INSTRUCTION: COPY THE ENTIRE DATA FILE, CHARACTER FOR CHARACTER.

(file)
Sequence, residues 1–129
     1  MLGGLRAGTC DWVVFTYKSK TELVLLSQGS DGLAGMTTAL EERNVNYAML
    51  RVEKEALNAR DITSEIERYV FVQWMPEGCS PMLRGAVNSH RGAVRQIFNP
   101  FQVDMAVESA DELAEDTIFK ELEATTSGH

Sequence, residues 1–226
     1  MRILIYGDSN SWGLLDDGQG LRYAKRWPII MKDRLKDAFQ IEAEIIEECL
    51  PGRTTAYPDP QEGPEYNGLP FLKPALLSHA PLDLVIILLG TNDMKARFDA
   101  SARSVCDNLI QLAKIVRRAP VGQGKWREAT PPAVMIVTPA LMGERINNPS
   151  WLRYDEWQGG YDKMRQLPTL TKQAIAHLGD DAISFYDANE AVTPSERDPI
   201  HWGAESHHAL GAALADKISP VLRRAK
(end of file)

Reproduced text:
Sequence, residues 1–129
     1  MLGGLRAGTC DWVVFTYKSK TELVLLSQGS DGLAGMTTAL EERNVNYAML
    51  RVEKEALNAR DITSEIERYV FVQWMPEGCS PMLRGAVNSH RGAVRQIFNP
   101  FQVDMAVESA DELAEDTIFK ELEATTSGH

Sequence, residues 1–226
     1  MRILIYGDSN SWGLLDDGQG LRYAKRWPII MKDRLKDAFQ IEAEIIEECL
    51  PGRTTAYPDP QEGPEYNGLP FLKPALLSHA PLDLVIILLG TNDMKARFDA
   101  SARSVCDNLI QLAKIVRRAP VGQGKWREAT PPAVMIVTPA LMGERINNPS
   151  WLRYDEWQGG YDKMRQLPTL TKQAIAHLGD DAISFYDANE AVTPSERDPI
   201  HWGAESHHAL GAALADKISP VLRRAK